Bride and florist team up to donate flowers after postponing wedding due to coronavirus concerns

(NEW YORK) — When a bride’s big day was canceled because of coronavirus concerns, her and her florist teamed up to create a silver lining by spreading joy to others.

Keali Lay, 28, and her fiancé Jeff Scheider, 31, got engaged on Labor Day weekend and were set to have their wedding ceremony on March 21 in Bluffton, South Carolina. The cake, flowers and DJ were ready to go, but after President Donald Trump encouraged no gatherings larger than 10 people, Lay’s venue called to cancel the ceremony,

“I was really, really upset, but I had known deep down that this was going to happen,” Lay said. “We’d rather have our big day later and make sure everyone is safe. I was really, really emotional. We were just sad.”

Now just five days out from their wedding, Lay set out to call her vendors and inform them that she had to cancel. She especially wanted to reach out to her florist, Angela Mandigo, because she knew her flowers had likely already come in — which meant the company would be losing money.

Lay called Mandigo and informed her the wedding had been postponed. Not wanting the flowers to go to waste, Mandigo suggested that Lay donate the flowers to people in the community who may need cheering up.

“She was so grateful they weren’t going to be thrown away,” Mandigo said. “I asked her if we could donate them to make somebody happy and she said, ‘Absolutely.’ She was ecstatic.”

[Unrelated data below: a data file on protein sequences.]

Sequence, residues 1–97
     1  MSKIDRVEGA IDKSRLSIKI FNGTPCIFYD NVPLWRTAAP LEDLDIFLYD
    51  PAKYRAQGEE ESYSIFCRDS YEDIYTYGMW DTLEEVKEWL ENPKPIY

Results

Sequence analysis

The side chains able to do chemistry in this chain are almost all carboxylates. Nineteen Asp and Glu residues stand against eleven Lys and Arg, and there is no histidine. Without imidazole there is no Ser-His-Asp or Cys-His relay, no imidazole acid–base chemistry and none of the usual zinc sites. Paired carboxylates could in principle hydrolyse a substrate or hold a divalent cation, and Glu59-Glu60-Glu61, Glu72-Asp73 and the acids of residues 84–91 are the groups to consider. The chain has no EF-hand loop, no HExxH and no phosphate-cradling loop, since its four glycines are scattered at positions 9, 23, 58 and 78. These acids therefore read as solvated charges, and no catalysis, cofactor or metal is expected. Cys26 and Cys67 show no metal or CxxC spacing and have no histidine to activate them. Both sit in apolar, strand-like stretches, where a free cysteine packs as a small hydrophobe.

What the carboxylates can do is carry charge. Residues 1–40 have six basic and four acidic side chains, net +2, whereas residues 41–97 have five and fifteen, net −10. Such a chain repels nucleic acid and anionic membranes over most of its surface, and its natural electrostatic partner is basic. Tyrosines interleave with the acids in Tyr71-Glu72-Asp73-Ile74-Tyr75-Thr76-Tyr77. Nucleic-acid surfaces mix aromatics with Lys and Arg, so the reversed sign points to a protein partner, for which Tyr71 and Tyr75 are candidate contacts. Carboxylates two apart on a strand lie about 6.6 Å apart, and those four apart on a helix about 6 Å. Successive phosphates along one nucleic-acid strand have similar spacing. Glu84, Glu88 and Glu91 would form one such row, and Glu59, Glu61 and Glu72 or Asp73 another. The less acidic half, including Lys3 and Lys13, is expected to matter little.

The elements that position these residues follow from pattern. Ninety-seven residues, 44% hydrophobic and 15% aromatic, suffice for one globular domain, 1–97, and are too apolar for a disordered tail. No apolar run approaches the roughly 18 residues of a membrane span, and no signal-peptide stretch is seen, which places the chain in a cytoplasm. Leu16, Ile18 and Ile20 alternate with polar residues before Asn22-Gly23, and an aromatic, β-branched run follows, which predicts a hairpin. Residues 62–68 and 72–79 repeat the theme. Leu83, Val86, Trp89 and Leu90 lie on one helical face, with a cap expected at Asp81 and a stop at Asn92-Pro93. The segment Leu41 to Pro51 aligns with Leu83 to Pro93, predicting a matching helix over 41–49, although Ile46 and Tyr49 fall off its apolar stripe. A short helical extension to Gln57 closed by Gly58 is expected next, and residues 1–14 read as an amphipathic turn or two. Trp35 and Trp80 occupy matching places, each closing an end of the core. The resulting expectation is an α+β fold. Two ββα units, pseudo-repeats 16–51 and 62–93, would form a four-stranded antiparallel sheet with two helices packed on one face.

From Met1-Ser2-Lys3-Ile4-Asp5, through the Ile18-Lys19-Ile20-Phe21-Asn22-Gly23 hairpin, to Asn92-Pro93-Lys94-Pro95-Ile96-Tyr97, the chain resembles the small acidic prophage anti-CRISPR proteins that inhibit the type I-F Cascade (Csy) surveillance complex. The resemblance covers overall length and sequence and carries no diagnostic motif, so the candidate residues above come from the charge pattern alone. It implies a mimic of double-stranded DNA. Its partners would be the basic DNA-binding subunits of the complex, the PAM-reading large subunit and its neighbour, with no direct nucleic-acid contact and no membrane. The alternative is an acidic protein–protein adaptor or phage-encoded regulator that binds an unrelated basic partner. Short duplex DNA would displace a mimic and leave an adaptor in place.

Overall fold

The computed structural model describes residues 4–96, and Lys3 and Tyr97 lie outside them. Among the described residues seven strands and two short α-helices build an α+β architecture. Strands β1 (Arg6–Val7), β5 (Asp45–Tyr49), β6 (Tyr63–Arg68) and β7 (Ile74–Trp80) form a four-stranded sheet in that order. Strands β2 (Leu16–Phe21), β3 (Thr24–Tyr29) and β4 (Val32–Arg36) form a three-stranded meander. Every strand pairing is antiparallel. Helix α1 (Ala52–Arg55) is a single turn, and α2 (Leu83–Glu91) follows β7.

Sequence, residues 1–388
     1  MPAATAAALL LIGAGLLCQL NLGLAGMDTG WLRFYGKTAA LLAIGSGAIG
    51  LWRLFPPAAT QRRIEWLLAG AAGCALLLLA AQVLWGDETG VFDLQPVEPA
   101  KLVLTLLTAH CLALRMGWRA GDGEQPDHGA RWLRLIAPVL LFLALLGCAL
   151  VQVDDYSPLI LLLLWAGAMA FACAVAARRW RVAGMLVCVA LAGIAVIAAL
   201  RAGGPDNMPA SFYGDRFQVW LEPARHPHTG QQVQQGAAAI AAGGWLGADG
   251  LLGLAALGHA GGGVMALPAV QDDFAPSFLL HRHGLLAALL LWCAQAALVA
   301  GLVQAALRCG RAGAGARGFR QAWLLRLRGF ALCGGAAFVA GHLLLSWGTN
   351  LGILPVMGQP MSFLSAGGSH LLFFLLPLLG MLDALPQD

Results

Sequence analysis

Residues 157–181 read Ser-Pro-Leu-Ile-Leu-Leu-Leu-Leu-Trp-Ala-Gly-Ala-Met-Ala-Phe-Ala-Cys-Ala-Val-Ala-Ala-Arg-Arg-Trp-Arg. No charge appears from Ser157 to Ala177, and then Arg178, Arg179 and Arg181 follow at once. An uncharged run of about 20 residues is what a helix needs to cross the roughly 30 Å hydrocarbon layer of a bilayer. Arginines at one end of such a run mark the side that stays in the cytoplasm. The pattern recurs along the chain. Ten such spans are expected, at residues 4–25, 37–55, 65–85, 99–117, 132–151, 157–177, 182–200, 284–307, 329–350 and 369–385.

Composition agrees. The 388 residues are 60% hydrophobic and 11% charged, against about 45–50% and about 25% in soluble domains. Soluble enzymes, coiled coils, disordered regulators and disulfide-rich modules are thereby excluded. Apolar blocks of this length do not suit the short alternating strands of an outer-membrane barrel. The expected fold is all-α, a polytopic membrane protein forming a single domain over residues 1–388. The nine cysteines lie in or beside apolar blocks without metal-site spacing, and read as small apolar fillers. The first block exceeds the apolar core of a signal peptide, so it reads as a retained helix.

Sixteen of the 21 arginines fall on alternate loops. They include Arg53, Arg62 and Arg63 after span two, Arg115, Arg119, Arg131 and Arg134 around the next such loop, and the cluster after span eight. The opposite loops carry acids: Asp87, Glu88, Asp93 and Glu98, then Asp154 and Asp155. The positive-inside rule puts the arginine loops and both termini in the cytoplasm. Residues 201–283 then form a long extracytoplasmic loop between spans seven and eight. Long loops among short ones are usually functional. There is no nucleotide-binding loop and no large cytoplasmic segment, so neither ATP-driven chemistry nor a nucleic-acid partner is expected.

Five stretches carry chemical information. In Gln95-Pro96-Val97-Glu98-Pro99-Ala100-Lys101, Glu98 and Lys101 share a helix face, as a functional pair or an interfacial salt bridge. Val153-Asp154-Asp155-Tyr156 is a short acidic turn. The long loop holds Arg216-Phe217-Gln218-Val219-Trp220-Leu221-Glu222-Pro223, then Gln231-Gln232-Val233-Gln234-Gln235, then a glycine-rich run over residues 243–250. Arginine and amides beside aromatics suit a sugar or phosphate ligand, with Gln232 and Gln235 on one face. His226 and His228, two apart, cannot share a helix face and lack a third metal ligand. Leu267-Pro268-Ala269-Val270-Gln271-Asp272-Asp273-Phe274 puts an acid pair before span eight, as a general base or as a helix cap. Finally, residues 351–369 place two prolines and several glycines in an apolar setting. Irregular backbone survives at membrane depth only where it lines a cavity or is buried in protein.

The flowers were donated to several different people. One woman gave them to her friend who just found out she had colon cancer, another gave the flowers to her mom, who was coming out of the hospital, and another donation went to a woman who wanted to uplift the spirits of the people in her office who were working throughout the coronavirus concerns.

“It makes me feel a little better that this horrible thing has happened, [but] that something happy is coming out of it,” Lay said.

Lay said her and Scheider will still get married on Saturday in an intimate ceremony with immediate family and friends near the water at Scheider’s parent’s home. Since their pastor would be unable to travel down for the ceremony, the best man got ordained online this week and will be marrying them.

Mandigo will also still bring a bouquet and a boutonniere for the bride and groom free of charge, just out of the kindness of her heart.

Lay said they will have another ceremony with all of their friends and family at a later date.

“The important thing is that we will still be married on that day we said we would and also have a bonus ‘fun-iversary’ for the later day,” Lay said.

Mandigo said when her flower shop finishes arrangements for the few weddings they have left, they will work on making flowers for the nurses at nearby hospitals to get them through this time.

“I’m hoping as other flower shops and brides see this they will give back to the community and lift their spirits,” Mandigo said.

While weddings all around the world get postponed due to coronavirus concerns, Lay encouraged fellow bridges to look at the bigger picture.

“You’ve already accomplished the best part of getting married, which is finding your partner and best friend,” Lay said. “A wedding is just a big party, but marriage is so much more than that.”

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